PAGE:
Waorani elders and traditional leaders, known in their language as Pekinani, provide untiring leadership, spirit, and song during the Waorani’s legendary lawsuit and victory against the Ecuadorian government in 2019, protecting a half-million acres of their rainforest territory from destructive oil drilling
As Waorani youth train themselves in technological devices such as GPS, video cameras, and computer programs for the mapping of their ancestral territory, it is the elders who provide information about the ecological interconnectedness of the plants, animals and rivers
“COVID-19 could be fatal for all of our elders. Our elders are our warriors and they have always taught us how to care for nature. If our Pekinani (traditional authorities) disappear, we risk losing our ancestral knowledge and culture. We must protect them.”
– Waorani leader Nemonte Nenquimo
A great grandmother of the Siona people brushes stinging nettle across the back and arms of a young girl to take away lethargy and promote strength, agility and vigor – all essential traits for a physically demanding life in the rainforest. This ancient tradition of plant use includes thousands of species and employs mysteriously attained formulas and preparation methods, of which little has even begun to be understood or documented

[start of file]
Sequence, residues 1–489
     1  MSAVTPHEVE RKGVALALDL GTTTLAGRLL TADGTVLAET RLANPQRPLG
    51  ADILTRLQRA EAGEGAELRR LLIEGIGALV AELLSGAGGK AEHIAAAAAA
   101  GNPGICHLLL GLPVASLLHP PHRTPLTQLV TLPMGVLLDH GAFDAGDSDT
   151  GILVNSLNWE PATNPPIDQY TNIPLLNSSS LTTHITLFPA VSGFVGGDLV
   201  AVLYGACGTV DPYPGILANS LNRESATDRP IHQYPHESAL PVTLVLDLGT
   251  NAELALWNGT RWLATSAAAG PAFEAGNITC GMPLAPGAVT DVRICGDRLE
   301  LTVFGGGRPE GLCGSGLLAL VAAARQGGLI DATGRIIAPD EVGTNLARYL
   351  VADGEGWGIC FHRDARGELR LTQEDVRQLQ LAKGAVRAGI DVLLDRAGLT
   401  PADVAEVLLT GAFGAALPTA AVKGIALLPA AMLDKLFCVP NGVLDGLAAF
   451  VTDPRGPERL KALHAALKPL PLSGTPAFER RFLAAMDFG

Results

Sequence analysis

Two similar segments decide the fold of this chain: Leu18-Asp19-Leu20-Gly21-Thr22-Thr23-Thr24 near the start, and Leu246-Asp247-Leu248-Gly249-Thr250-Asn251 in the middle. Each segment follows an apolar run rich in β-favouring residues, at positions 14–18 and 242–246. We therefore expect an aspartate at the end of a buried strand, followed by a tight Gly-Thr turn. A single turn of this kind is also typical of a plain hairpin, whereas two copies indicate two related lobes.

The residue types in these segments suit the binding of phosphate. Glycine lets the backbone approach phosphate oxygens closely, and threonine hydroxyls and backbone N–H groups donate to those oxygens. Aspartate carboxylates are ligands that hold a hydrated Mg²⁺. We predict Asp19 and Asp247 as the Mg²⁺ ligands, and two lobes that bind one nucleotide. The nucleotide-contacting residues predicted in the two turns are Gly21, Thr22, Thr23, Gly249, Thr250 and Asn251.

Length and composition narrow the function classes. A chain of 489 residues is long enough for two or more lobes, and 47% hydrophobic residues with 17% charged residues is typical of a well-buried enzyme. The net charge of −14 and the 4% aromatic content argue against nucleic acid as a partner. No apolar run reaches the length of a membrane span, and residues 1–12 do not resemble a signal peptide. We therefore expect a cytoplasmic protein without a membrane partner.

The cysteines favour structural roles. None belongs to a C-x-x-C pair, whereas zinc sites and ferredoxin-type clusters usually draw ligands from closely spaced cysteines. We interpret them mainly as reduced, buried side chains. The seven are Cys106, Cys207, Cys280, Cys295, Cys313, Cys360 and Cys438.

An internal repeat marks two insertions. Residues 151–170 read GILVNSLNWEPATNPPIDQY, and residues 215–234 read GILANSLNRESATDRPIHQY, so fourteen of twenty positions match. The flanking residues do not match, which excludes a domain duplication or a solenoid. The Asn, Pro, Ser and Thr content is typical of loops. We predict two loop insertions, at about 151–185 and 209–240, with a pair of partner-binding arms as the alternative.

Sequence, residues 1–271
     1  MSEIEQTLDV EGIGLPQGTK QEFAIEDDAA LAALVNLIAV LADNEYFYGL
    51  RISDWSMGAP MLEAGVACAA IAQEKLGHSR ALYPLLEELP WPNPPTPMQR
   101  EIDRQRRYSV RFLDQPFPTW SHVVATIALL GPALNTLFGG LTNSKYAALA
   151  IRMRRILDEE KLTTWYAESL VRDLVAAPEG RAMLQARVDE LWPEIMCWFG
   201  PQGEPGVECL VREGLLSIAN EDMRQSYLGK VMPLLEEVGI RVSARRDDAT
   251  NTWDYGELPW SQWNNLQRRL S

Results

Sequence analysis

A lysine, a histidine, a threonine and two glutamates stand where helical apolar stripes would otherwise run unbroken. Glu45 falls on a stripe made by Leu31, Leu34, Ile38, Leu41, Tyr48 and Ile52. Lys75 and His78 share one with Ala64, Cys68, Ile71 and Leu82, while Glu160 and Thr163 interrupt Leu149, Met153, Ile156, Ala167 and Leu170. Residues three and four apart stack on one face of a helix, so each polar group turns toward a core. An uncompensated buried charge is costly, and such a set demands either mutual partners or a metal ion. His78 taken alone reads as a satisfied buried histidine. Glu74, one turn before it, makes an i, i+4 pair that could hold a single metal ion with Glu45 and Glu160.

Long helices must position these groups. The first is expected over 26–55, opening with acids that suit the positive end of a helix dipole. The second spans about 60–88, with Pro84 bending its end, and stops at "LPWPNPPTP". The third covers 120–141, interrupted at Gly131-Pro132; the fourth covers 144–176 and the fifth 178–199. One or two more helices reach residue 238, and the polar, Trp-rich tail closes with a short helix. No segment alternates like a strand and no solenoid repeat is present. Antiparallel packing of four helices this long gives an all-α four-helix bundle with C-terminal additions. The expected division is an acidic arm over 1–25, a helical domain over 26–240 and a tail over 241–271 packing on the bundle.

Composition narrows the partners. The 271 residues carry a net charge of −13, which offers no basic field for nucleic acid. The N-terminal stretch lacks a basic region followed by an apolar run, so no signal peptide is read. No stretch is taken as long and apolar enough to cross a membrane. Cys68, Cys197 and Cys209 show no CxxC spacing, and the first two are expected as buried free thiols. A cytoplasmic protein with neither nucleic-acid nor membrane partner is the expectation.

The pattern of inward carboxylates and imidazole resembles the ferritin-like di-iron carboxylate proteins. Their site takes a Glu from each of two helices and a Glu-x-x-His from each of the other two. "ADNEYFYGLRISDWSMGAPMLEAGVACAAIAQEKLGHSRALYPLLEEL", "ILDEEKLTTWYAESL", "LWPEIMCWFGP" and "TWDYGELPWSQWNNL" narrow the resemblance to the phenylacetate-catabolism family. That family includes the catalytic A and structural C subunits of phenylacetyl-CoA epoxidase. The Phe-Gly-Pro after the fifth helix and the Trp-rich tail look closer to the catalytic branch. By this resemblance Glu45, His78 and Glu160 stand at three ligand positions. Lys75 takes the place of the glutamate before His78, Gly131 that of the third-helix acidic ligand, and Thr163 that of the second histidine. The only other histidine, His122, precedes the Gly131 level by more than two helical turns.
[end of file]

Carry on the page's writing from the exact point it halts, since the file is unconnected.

Amazonian peoples have refined a system of healing employing plants and shamanic abilities to prevent and cure a multitude of physical and psychological illness and malaise. It is the elders who have dedicated decades to learning this indigenous science and carry out the majority of the healings in their villages
Fanny, a Siekopai grandmother, guides school children through her carefully tended medicinal plant garden. Plant by plant she teaches names, uses, and preparations, and does so using an ancient technique of employing stories of vivid humor and horror to promote memorization
Siona elder with the Ñumi plant, used to “capture” the healing chants of shamans during ayahuasca ceremonies
With the imminent threat of losing thousands of years of accumulated plant-use knowledge, Siekopai (Secoya) elder and youth are inspired to corroborate in preserving their heritage with detailed documentary films
“Our elders, who are the source of our wisdom and knowledge, are in great danger. They still have a lot to say and share, and we must act quickly to save them from this virus.”
– Siekopai youth filmmaker Jimmy Piaguaje
At the break of dawn, a Siona elder provides guidance and counsel to young adults as they share a bowl of yoco – a vine rich in caffeine and medicinal properties. The tradition goes as far back as memory itself, and is essential for interpreting dreams, planning daily activities, and receiving advice on acceptable behavior and etiquette within communal life
A Kofan grandmother teaches a group of youth the ancient skill of transforming a hunk of river clay into a delicately crafted, and ornately designed ceramic cook pot. Today’s crisis is a stark reminder to the indigenous people of the vital necessity of these traditions for self-sufficiency and autonomy from external markets